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One of the signs of an intelligent mind is said to be a sense of humour. Jacques Dubochet from the canton of Vaud, who was awarded the Nobel Prize in Chemistry in October, is without doubt a witty personality, and summed up his achievement by remarking that all he had done was invent cold water. Cold water? That’s right, this French-speaking Swiss scientist has created a method to make it possible to flash freeze liquid solutions containing cells. This procedure, which is carried out using liquid ethane, makes it possible for samples to be observed in their natural state.
A member of staff at the University of Geneva joked to the media that the Vaud-born scientist and his colleague Alasdair McDowall had succeeded in doing what people making sorbets at home try to achieve: avoiding creating ice crystals. This is because crystallisation kills the cells in the laboratory.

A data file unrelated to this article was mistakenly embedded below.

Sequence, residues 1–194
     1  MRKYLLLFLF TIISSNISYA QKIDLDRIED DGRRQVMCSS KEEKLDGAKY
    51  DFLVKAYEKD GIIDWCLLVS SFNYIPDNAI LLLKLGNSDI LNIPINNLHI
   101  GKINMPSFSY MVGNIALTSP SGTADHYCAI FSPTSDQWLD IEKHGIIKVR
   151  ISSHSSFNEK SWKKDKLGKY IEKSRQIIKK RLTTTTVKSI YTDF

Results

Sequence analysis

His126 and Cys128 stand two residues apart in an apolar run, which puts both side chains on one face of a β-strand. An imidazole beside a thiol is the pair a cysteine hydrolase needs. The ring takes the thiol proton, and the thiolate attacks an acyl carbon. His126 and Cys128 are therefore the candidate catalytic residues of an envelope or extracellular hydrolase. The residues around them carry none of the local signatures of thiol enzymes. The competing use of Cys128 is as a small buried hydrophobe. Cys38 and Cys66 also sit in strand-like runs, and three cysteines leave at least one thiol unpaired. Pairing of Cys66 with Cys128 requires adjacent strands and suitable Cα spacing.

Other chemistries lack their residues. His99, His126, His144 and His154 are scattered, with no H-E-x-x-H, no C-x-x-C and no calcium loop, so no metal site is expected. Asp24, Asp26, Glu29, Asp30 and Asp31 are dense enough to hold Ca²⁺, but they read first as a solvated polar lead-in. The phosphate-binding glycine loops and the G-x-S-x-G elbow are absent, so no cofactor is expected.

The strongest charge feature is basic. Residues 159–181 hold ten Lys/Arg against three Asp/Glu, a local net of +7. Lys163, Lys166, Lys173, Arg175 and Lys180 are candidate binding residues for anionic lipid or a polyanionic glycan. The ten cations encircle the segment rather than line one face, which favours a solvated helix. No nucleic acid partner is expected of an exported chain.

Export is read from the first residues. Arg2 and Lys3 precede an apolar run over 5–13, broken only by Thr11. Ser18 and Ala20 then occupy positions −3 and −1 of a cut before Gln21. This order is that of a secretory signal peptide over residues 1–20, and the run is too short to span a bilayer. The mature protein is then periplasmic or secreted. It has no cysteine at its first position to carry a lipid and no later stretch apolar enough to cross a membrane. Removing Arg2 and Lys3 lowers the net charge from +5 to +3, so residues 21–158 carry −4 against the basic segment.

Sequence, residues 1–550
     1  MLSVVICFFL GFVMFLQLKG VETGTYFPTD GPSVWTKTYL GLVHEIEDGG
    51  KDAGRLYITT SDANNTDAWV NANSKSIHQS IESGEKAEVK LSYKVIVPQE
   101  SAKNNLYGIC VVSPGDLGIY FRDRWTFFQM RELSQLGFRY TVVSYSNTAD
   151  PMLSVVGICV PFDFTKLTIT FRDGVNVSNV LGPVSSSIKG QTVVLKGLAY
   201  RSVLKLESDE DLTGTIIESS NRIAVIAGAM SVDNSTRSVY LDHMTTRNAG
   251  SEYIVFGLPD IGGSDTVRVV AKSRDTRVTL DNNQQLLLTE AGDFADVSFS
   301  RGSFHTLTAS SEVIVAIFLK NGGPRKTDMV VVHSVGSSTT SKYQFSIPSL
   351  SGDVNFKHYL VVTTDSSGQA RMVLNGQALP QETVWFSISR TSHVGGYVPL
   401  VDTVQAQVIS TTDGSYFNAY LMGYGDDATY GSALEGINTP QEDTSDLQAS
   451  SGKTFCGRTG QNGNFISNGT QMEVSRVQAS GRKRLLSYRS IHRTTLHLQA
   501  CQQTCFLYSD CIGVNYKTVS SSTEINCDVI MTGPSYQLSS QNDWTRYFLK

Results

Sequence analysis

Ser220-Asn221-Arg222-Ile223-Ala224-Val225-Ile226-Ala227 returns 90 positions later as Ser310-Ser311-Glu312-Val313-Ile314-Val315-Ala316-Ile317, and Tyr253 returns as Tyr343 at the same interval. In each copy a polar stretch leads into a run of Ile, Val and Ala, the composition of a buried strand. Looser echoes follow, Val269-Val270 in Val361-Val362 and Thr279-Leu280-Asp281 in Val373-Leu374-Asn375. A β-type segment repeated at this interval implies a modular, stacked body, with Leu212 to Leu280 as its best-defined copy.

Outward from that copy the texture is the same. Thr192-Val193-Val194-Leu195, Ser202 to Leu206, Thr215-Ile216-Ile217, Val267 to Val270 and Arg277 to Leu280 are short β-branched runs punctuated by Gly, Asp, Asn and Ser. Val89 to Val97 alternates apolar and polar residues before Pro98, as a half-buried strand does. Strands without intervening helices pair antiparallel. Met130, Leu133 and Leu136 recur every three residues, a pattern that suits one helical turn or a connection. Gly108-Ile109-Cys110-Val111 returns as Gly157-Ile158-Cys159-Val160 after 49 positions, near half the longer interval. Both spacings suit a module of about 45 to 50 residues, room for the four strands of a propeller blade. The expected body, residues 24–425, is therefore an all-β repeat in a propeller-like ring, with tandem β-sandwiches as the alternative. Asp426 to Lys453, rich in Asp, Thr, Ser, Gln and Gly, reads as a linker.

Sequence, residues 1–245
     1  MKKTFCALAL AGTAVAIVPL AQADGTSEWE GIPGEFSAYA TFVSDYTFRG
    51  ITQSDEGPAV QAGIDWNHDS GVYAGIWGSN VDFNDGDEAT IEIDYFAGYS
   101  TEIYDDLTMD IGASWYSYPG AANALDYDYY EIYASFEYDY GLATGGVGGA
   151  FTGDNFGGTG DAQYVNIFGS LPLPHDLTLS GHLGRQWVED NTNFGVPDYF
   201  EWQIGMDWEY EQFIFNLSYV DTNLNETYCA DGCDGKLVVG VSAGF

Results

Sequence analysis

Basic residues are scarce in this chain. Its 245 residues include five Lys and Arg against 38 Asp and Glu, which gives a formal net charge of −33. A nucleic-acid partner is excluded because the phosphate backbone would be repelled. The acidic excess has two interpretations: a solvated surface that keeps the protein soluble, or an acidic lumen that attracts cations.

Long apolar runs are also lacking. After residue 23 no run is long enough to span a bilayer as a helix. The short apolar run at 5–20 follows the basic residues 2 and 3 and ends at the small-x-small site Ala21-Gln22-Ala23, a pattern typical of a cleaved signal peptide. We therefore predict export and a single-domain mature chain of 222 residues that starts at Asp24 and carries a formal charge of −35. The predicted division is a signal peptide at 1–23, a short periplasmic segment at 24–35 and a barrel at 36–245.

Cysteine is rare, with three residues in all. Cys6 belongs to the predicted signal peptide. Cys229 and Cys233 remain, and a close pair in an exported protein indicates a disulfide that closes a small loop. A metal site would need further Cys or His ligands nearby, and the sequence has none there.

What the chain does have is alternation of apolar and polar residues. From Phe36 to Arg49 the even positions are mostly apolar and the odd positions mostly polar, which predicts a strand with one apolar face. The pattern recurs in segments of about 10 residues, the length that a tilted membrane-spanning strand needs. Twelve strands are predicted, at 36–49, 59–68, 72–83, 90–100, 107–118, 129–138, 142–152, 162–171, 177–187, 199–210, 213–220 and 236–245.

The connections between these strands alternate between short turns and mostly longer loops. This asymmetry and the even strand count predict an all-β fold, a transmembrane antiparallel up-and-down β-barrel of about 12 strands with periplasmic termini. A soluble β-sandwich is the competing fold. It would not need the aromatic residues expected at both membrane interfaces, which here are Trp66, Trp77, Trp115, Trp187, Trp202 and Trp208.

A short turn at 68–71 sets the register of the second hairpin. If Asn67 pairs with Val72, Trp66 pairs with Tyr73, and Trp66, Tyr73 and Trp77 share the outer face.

In an interview with Le Temps, Jacques Dubochet revealed that his invention could be used in particular to “study Tau proteins, which are linked with Parkinson’s disease and Alzheimer’s when they accumulate in the brain”. He added that he had a strong personal interest in the field as he is 75 years old!
The researcher’s online CV, which delighted the international media, includes some real gems. It says that he was “the first official dyslexic in the canton of Vaud”, which enabled him “to be poor at everything and to understand those experiencing difficulties”. “One day he offered to take me to the hotel with his suitcase, but when we got to the car park I saw that he only had a bicycle for transportation,” recalled a French researcher with amusement.
As a child, he was scared of the dark and this made him go to the library to try to understand where the sun was hiding. This fear may have stopped him from becoming a criminal, a path which this Vaud-based future Professor Calculus considered.